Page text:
Innovative designs help spinal patient

Posted on in Services, Staff

When a cycling accident left Michael Bonney without the use of his arms, legs or lungs he was determined not to give up.

Michael Bonney with Tony Alton and Ian Boddy from the medical physics department at James Cook

Michael Bonney with Tony Alton and Ian Boddy from the medical physics department at James Cook

Within just six weeks the managing director of Orange Mountain Bikes was able to operate an iPad using a purpose built mouth stick specially designed for him by the medical physics department at The James Cook University Hospital.

Following his accident Michael spent three months on the spinal high dependency unit at the Middlesbrough hospital’s Golden Jubilee Spinal Cord Injuries Centre but was keen to regain some independence so he contacted the medical physics team and challenged them to help him.

Together they have come up with a range of gadgets to help make life easier for Michael including a specially adapted drinks bottle holder and ventilator tube supports.  “I don’t consider myself as disabled, I consider myself as different,” said Michael, 55, of Cumbria.

“When you have to ask people for everything it’s very frustrating but these gadgets give you a bit more control and now I want to let other people know what is out there to help them get on with their lives.”

Michael suffered life-changing injuries after crashing his road bike during the Eden Valley Epic sportive in March. Doctors at the scene carried out CPR for 45 minutes until the air ambulance arrived but scans revealed a complete fracture of the C3 vertebrae and subsequent spinal cord damage which has left him paralysed from the neck down.

Despite everything Michael is determined to move forward with his life and just weeks after his accident he married wife Linzi in the hospital chapel.

He has made remarkable progress with the help of the hospital’s spinal experts, physiotherapists and the medical physics team, who have helped him develop a number of wheelchair aids.

“The water bottle means I can drink when I want to without having to bother anyone else,” said Michael. “The mouth stick – a touch screen stylus adapted to work with a standard mouth holder – means I can watch sports channels on the iPad and keep in touch with friends.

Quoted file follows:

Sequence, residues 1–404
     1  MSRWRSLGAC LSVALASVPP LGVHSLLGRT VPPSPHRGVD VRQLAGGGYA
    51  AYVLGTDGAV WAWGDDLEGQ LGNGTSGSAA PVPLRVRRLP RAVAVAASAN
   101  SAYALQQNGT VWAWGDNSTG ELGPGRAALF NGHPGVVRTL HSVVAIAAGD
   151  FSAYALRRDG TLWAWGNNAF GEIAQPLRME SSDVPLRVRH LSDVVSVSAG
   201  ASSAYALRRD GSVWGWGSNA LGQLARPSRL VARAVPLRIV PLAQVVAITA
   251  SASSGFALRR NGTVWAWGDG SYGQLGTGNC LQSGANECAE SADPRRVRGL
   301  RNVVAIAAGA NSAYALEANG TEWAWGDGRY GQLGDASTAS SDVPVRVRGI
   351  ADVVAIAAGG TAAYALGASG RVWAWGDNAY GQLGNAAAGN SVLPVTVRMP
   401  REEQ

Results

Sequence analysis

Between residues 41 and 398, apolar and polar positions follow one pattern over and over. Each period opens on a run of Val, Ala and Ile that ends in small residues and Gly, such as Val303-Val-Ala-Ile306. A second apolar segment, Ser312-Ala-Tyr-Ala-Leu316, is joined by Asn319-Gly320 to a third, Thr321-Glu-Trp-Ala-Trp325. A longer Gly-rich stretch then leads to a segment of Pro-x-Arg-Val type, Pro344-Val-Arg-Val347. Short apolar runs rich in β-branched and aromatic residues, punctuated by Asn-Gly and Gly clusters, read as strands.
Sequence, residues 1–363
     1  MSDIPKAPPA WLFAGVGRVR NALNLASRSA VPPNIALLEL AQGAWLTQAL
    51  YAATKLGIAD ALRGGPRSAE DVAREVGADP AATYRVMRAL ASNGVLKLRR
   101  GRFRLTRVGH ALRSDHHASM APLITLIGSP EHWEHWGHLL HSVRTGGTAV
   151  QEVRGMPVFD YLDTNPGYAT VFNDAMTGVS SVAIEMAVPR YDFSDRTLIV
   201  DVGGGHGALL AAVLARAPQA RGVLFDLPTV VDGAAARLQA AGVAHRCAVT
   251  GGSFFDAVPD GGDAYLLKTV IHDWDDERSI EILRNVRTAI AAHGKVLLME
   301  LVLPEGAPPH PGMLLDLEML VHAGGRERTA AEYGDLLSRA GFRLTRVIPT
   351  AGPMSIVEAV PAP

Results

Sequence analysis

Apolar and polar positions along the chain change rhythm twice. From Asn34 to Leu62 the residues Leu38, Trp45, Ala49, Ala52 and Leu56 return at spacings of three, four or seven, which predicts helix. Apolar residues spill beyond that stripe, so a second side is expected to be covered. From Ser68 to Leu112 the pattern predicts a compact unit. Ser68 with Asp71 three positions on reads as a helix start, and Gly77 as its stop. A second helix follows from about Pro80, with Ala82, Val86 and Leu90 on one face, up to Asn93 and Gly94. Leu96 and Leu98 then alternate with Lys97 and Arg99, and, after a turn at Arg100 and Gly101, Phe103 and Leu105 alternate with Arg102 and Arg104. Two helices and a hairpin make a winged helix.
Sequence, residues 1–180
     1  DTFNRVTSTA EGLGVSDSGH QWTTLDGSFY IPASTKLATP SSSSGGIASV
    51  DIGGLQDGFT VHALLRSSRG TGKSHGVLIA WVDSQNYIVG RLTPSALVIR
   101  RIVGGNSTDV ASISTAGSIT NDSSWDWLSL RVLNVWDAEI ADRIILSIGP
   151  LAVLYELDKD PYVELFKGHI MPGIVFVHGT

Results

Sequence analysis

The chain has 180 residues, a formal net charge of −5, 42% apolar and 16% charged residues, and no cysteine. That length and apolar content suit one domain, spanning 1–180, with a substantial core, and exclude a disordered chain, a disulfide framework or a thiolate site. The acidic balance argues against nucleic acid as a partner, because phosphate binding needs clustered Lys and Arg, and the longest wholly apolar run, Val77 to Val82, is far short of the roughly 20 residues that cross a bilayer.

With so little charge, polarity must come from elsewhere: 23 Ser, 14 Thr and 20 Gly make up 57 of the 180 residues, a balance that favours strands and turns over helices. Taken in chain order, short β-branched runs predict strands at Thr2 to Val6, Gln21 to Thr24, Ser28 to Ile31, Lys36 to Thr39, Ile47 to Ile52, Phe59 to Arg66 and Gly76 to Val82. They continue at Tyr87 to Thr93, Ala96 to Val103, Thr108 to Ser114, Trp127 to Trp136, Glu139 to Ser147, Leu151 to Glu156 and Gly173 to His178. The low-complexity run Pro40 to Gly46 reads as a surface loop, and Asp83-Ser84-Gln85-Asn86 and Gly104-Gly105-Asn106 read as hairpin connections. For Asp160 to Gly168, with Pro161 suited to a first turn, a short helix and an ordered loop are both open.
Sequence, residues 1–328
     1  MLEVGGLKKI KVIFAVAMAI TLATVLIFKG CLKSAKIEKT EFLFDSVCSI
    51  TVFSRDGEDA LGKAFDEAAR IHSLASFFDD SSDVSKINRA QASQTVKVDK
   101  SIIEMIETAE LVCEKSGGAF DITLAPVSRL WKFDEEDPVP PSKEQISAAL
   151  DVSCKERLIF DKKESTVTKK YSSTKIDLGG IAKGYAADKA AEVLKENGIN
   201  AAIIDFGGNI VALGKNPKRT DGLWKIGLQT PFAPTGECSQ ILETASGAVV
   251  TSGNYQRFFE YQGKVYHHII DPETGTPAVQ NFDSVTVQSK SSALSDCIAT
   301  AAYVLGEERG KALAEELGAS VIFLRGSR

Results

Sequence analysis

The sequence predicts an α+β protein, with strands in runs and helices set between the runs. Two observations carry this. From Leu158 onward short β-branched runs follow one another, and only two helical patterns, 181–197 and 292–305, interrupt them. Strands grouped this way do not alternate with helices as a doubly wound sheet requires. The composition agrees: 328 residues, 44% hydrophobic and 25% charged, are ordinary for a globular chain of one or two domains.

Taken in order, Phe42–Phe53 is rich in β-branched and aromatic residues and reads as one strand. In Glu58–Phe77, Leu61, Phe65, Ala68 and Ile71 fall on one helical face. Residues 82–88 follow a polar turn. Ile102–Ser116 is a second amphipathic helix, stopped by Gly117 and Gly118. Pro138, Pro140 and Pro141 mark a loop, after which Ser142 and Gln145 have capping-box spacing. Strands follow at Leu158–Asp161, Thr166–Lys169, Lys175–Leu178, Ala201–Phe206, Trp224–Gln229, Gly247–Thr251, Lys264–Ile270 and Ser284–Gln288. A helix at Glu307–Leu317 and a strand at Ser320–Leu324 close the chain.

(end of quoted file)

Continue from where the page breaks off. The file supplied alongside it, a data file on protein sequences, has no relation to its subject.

“But it’s not easy – it took me two hours to take a photo and put it on Facebook because I dropped the mouth stick six times! And when I type I can only hit one letter at a time.”

Michael has to be permanently attached to a ventilator by a trachea tube so he can breathe which makes moving about in a wheelchair uncomfortable and high risk.

“You would not believe how much difference the trachea tube support makes. It’s more comfortable because the trachea does not move about as much. It should also mean that one less person is required when operating the hoist.”

He said the next challenge is to devise something to enable him to change TV channels himself.  “Part of what I do is product design and development and this has given me the confidence to know I can still take a project on.   A lot of people just give up but I want to let people know that there are some fantastic resources out there.”

After three months in spinal HDU Michael has recently moved to a specialist rehabilitation unit with the ultimate aim of getting back home.

Fellow bike riders have launched the ‘Ride for Michael’ campaign to help him achieve this. For details visit